Encouraging children to write

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It was education professor Meguido Zola who first opened my eyes to the possibility of a Simon Fraser University degree. As a Canadian children’s book author I was working more and more with educators, and a degree would definitely widen my horizons. Taking children’s literature courses was heaven on earth. To be submerged in children’s books and working on a master’s degree was as good as it gets. Thanks to SFU’s progressive attitude, I was able to take flexible courses in different locations, including an online course—quite something in the 90s!

Instead of writing a thesis, SFU allowed me to work on a project—one that still benefits children around the world 17 years later. Working with elementary students across BC on their writing, I wanted to create a way that would allow them to share their writing with a wider, authentic audience. My master’s project became an online e-zine in which children can share their own stories and poems. The e-zine is now in its 17th year. The archives brim with writing by young authors from all over the world: tens of thousands of children from over 20 countries submit their writing each month. The site is now hosted by UBC-Okanagan and other volunteers now actively make Kidswwwrite possible.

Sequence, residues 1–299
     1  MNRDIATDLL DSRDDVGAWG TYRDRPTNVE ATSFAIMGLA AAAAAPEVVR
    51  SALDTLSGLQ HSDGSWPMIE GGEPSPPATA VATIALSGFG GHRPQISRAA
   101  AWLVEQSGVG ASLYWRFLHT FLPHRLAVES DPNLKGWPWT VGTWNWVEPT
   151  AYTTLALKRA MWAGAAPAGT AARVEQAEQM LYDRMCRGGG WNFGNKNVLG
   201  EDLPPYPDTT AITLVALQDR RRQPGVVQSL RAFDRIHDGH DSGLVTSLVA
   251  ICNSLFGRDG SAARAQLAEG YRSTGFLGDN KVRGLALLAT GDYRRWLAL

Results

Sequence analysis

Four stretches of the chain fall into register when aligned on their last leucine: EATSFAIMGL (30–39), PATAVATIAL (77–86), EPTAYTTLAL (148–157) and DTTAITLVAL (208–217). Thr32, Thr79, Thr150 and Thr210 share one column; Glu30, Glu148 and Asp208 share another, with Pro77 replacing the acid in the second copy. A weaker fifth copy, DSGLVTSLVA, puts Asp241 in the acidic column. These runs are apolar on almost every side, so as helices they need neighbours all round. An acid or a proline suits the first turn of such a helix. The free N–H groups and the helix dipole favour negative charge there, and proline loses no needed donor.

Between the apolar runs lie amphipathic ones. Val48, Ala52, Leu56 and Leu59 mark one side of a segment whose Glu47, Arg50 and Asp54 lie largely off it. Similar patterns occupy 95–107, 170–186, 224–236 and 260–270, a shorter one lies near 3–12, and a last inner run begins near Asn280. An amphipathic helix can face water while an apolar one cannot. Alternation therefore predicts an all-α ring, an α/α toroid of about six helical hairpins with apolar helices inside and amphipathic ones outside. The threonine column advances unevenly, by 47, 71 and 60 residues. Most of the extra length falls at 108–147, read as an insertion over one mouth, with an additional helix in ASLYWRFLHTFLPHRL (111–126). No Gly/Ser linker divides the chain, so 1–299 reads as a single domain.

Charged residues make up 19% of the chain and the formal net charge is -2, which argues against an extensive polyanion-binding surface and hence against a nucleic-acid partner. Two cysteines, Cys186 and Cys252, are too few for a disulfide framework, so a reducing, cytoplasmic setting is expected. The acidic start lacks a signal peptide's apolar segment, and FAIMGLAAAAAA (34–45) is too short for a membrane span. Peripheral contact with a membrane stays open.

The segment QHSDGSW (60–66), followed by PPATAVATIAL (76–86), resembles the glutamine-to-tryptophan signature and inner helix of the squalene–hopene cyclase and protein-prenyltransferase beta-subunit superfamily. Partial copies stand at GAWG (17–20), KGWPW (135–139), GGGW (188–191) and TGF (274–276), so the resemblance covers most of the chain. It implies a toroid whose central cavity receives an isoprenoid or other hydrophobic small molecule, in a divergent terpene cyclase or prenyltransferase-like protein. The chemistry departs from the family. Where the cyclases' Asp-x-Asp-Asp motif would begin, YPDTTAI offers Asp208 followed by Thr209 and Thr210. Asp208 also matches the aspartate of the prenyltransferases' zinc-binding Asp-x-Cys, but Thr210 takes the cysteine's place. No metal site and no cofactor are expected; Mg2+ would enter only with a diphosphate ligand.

Okanagan University College recently recognized the project by bestowing me with an Honorary Fellowship. But the best reward of all is the fact that so many children from around the world are being encouraged to write. All because of the opportunities I had at SFU’s Faculty of Education.

Margriet Ruurs
M.Ed. 1998

Read all the stories from the 1990s